A few days ago CBC treated Canadians to this feel-good story about how the gap was closing between the 1% and the rest of us.
Turns out that when you took a good look at the story, they're talking vague generalizations about households that bring in a combined $215,000 per year. That's a household in Cold Lake or Fort Mac where both breadwinners are working in the oil patch, and if they were to be laid off, they'd miss their next mortgage payment.
They may be one percenters, but they are not by any stretch of the imagination "rich."
So a couple of days later, the CBC comes out with the truth; the real rich are doing better than ever!
CBC labels these folks the "ultra-rich." They assign an arbitrary $30 million cut-off point. That's a little closer to reality than calling folks who bring $215k into their home "rich." These are folks who aren't going to have to skip a meal or a mortgage payment (because they generally don't have them) regardless of whether they are employed or not.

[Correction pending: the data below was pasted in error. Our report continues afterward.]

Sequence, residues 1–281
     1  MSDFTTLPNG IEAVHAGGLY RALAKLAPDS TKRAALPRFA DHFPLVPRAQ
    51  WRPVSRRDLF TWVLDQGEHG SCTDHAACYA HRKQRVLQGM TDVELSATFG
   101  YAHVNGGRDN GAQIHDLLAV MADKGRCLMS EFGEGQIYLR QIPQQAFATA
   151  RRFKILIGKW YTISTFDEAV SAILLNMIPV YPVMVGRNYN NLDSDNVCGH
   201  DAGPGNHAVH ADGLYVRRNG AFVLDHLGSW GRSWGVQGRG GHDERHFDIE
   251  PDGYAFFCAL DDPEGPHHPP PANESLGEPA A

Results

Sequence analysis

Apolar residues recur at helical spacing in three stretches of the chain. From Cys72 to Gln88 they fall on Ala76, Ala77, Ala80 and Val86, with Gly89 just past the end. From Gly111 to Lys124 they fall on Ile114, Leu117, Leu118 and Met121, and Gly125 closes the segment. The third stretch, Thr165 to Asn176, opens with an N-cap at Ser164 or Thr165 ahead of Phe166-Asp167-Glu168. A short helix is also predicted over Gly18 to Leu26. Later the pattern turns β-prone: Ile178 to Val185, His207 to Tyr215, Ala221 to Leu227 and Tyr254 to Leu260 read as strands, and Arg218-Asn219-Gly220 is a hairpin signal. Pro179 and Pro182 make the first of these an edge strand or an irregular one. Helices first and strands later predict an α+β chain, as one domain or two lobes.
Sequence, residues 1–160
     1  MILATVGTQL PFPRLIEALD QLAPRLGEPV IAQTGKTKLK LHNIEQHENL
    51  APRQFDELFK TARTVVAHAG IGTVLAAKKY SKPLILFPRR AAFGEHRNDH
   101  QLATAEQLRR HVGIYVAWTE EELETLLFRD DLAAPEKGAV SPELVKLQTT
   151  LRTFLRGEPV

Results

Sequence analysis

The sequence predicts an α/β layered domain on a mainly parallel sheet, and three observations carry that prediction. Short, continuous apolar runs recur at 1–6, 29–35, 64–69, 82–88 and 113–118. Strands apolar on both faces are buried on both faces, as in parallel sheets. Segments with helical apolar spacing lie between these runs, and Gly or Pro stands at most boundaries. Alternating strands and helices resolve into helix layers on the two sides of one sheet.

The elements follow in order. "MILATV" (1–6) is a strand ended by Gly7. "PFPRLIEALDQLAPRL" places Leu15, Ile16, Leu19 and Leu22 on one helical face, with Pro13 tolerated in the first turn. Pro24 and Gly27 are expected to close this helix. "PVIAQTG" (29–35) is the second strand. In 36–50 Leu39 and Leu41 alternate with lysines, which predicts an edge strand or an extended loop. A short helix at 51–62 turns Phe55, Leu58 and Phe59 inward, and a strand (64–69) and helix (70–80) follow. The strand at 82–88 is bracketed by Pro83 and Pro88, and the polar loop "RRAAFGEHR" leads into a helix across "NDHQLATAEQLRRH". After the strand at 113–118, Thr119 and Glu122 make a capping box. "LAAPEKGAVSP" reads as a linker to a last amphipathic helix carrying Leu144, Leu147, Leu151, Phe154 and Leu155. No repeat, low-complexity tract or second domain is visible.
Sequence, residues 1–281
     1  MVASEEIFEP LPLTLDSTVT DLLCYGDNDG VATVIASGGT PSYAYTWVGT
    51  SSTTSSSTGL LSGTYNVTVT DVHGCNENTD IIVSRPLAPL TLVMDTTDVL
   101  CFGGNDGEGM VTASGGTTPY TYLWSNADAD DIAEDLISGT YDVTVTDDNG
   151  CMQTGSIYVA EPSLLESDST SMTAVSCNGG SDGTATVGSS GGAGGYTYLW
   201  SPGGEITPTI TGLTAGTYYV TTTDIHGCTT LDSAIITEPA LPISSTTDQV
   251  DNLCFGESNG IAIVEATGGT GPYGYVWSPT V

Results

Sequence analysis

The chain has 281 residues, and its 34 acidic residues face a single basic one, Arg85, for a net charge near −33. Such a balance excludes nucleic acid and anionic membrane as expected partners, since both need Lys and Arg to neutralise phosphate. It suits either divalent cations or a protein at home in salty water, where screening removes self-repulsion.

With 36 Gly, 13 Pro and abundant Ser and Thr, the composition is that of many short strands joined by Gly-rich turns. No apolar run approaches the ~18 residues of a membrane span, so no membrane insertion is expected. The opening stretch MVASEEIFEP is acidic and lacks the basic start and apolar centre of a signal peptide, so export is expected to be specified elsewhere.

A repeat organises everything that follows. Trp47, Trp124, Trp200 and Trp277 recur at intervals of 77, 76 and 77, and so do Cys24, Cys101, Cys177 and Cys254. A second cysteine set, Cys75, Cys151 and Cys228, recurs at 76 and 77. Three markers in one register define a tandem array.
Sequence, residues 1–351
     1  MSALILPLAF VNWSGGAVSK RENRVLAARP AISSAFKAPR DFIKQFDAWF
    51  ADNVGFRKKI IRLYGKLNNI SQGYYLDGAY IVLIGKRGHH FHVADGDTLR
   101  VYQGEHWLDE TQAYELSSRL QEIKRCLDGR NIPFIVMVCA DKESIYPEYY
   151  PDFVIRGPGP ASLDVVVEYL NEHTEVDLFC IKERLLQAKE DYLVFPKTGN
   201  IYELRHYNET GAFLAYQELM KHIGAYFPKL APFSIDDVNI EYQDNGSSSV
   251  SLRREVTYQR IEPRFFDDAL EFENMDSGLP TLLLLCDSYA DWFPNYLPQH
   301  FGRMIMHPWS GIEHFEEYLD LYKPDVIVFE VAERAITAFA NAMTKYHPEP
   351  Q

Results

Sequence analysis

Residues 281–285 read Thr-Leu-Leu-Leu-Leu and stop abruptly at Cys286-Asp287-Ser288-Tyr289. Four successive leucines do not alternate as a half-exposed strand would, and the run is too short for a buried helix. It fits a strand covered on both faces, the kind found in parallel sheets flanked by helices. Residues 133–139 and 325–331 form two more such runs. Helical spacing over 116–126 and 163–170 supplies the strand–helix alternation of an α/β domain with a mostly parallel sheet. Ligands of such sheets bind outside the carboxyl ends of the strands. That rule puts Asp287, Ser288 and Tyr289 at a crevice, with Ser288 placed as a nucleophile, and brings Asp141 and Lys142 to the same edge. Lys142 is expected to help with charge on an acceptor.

They're not ultra-rich, but they're comfortable. And while the CBC pegs their number at a mere 5,000 across the land, that seems modest indeed. I can name a few dozen who rose from DP obscurity to that kind of net worth just in the real estate and construction game in the Kitchener-Waterloo-Cambridge-Guelph area in the great post-war boom.
And by the way, for the most part, they don't see themselves as "rich." But according to the CBC, they are the "ultra-rich," and they're getting richer.
Which pretty much erases that feel-good story the CBC had for us a few days ago.